Demopolis’ River Walk is an open, paved, level, handicap-accessible stroll along the river in downtown Demopolis. The pathway is immediately adjacent to the river bank, and there are scattered patches of planted shrubs and small hardwood trees along its course. Expect to see swallows from spring through late summer, waders year-round — though more in late summer and fall, and some gulls and small numbers of waterfowl in winter. 

The River Walk can be adequately birded in 60 to 90 minutes. Consider the River Walk as a late morning-early afternoon stop on a birding loop that covers the Demopolis area.

Black Belt
(32 Sites)

Latest Sites 07/13/2014

D'Olive Overlook provides an excellent view of the bay. In winter, check the bay for ducks and pelicans as well as wading birds year around. In addition, Peregrine Falcons are occasionally seen perching on top of the causeway light poles along I-10.

Coastal
(50 Sites)

Latest Sites 09/03/2013

As you drive along the rim of this incredibly scenic canyon, listen in the open fields for Yellow-breasted Chats and Prairie Warblers. Farther down in the canyon, Yellow-throated Warblers and Red-eyed Vireos can be heard calling from below while Rough-winged Swallows and Chimney Swifts frolic overhead.

North Alabama
(50 Sites)

Latest Sites 09/14/2012

Opelika Wood Duck Heritage Preserve and Siddique Nature Park

Piedmont Plateau
(34 Sites)

Latest Sites 11/16/2013

Brooklyn access and southern terminus of the Sepulga River Canoe Trail

Piney Woods
(22 Sites)

Latest Sites 06/20/2013

A delightful birding experience awaits at Walker County Lake. Tree Swallows are abundant here – many nesting pairs are present, along with numerous Purple Martins. Breeding Yellow Warblers have been identified here, and many additional songbird species are present from April through October. The park should prove to be a productive site for spring and fall migrants, as well as for long-legged waders in late spring and summer.

West Alabama
(28 Sites)

Latest Sites 01/21/2013

The Solon Dixon Forestry Education Center in the Conecuh National Forest is operated by Auburn University and hosts classes and conducts research projects throughout the year.  The 5,300-acre tract offers a tremendous diversity of plants, many of which provide food and cover for birds.This is an excellent birding site. There are multitudes of pinewoods birds, including numerous Bachman’s Sparrows, and good numbers of wetland birds. Swallow-tailed Kites breed nearby. Visitors should make it a point to call ahead (334-222-7779) or stop by the HQ to secure permission before venturing out onto the acreage.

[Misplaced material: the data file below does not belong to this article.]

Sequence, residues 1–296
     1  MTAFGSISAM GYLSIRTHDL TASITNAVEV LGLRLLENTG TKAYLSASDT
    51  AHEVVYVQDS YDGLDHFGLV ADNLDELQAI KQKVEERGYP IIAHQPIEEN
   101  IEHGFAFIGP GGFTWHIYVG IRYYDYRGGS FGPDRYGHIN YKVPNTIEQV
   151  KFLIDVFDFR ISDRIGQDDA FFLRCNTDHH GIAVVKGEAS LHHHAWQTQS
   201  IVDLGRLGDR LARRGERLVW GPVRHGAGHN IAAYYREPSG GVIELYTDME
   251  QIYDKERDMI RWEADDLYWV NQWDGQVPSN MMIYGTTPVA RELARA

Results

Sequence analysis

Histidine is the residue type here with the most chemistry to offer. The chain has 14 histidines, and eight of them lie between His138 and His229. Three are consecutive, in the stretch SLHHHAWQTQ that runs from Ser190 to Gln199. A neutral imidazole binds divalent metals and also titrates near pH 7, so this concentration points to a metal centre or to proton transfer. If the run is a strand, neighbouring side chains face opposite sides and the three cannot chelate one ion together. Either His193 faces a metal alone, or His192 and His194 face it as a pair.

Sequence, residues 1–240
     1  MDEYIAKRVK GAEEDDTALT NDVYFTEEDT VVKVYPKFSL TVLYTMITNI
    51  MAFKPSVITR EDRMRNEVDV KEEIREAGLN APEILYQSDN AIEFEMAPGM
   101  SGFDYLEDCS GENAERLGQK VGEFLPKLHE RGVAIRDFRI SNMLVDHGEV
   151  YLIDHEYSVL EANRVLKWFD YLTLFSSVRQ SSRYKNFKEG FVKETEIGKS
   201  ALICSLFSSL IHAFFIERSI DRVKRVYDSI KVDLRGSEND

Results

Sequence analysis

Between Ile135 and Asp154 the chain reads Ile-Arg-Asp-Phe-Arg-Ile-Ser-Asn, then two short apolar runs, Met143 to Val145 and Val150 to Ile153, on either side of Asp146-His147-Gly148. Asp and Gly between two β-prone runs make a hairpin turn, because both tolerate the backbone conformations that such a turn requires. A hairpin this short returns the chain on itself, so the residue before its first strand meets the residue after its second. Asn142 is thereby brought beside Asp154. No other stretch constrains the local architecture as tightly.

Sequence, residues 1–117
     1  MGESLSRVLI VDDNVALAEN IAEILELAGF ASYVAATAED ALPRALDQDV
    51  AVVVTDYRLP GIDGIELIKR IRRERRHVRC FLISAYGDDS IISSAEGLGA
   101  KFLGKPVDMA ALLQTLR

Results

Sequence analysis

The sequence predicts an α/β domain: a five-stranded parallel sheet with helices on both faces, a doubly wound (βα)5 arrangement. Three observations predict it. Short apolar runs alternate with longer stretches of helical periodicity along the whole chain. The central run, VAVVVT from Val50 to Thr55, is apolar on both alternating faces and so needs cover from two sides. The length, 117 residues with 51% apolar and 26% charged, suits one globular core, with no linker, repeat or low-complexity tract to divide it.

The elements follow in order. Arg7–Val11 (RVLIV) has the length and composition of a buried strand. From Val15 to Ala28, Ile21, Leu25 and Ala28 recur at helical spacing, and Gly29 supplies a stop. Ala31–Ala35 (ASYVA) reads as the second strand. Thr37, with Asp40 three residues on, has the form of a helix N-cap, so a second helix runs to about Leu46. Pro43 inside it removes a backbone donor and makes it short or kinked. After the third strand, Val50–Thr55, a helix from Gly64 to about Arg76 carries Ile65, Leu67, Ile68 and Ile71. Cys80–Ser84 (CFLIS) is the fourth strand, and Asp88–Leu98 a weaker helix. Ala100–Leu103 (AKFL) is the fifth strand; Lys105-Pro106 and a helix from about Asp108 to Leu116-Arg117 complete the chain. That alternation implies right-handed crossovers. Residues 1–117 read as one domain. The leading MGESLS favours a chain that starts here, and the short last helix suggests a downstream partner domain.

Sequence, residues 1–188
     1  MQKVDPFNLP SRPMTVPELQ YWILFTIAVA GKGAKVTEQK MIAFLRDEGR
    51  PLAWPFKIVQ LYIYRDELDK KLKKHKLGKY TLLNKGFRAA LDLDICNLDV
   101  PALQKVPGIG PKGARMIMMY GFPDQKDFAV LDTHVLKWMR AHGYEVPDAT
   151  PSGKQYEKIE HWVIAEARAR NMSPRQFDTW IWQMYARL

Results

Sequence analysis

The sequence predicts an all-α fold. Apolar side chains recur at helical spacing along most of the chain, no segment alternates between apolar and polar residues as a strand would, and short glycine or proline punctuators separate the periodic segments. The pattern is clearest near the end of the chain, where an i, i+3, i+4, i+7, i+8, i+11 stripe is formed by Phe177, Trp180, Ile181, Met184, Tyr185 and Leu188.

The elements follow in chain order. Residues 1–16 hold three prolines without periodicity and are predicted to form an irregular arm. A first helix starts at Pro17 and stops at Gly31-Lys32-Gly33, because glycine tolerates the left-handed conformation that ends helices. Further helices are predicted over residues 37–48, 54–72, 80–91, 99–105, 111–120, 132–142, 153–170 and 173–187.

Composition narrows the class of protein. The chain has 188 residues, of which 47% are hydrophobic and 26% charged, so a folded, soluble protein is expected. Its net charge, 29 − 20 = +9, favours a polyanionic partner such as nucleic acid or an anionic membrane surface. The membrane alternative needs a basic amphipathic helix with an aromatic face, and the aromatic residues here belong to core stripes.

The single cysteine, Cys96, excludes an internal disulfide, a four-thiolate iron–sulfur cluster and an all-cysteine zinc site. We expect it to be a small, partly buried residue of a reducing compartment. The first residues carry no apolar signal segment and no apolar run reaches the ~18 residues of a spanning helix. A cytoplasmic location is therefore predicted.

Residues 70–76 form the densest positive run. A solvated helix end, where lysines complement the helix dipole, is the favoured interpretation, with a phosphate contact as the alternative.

Wiregrass
(20 Sites)

Latest Sites 08/13/2012

More Sites

The Solon Dixon Forestry Education Center in the Conecuh National Forest is operated by Auburn University and hosts classes and conducts research projects throughout the year.  The 5,300-acre tract offers a tremendous diversity of plants, many of which provide food and cover for birds.This is an excellent birding site. There are multitudes of pinewoods birds, including numerous Bachman’s Sparrows, and good numbers of wetland birds. Swallow-tailed Kites breed nearby. Visitors should make it a point to call ahead (334-222-7779) or stop by the HQ to secure permission before venturing out onto the acreage.

Tuskegee National Forest

Tuskegee National Forest is the nation’s smallest in the national forest system. At 11,252 acres, it is small enough to survey in a day, yet large enough to contain a remarkable variety of habitats. Much of the land is in various stages of early to late second-growth forest, cut through with good roads and extensive trails. Look for scrub and grassland birds in the cutovers, riparian birds in the flood plains, and woodland species along the trails.

More Info
The Solon Dixon Forestry Education Center in the Conecuh National Forest is operated by Auburn University and hosts classes and conducts research projects throughout the year.  The 5,300-acre tract offers a tremendous diversity of plants, many of which provide food and cover for birds.This is an excellent birding site. There are multitudes of pinewoods birds, including numerous Bachman’s Sparrows, and good numbers of wetland birds. Swallow-tailed Kites breed nearby. Visitors should make it a point to call ahead (334-222-7779) or stop by the HQ to secure permission before venturing out onto the acreage.

Phenix City Riverwalk

The Phenix City Riverwalk in Russell County snakes along the banks of the Chattahoochee River for almost 1.25 miles as it traces the Alabama-Georgia state line. Follow the elevated boardwalks and the paved walkways and seize the opportunities to trek down to the river’s edge or to scramble over a boulder field. The woods here – largely mature hardwoods with varying amounts of understory -- are rife with riparian-forest songbirds. Look for waders and swallows over the river, with some gulls and the odd tern in winter. As this site requires no less than a 2 1/2 – mile walk, expect to spend a short half-day to cover most if not all of the trail. If pressed for time, spend 1-1 ½ hours birding the southern portion from the entrance near the Ampitheatre to the 13th St bridge and back.

More Info
The Solon Dixon Forestry Education Center in the Conecuh National Forest is operated by Auburn University and hosts classes and conducts research projects throughout the year.  The 5,300-acre tract offers a tremendous diversity of plants, many of which provide food and cover for birds.This is an excellent birding site. There are multitudes of pinewoods birds, including numerous Bachman’s Sparrows, and good numbers of wetland birds. Swallow-tailed Kites breed nearby. Visitors should make it a point to call ahead (334-222-7779) or stop by the HQ to secure permission before venturing out onto the acreage.

Lake Livingston and Trails

Lake Livingston in Sumter County and the system of nearby trails constitute one of southwest Alabama’s most outstanding birding sites. The 54-acre lake attracts waders, swallows (warmer months) and some waterfowl (colder months). The extensive series of trails pass along the lake’s banks, through mature forest, by second-growth and scrub, and eventually through wonderfully restored Black Belt prairie grasslands. This unmatched variety of habitats provides for a long list of birds. There is potential for a series of lengthy hikes here. A half day is a short visit; it would be easy to spend a full day and never get bored.

More Info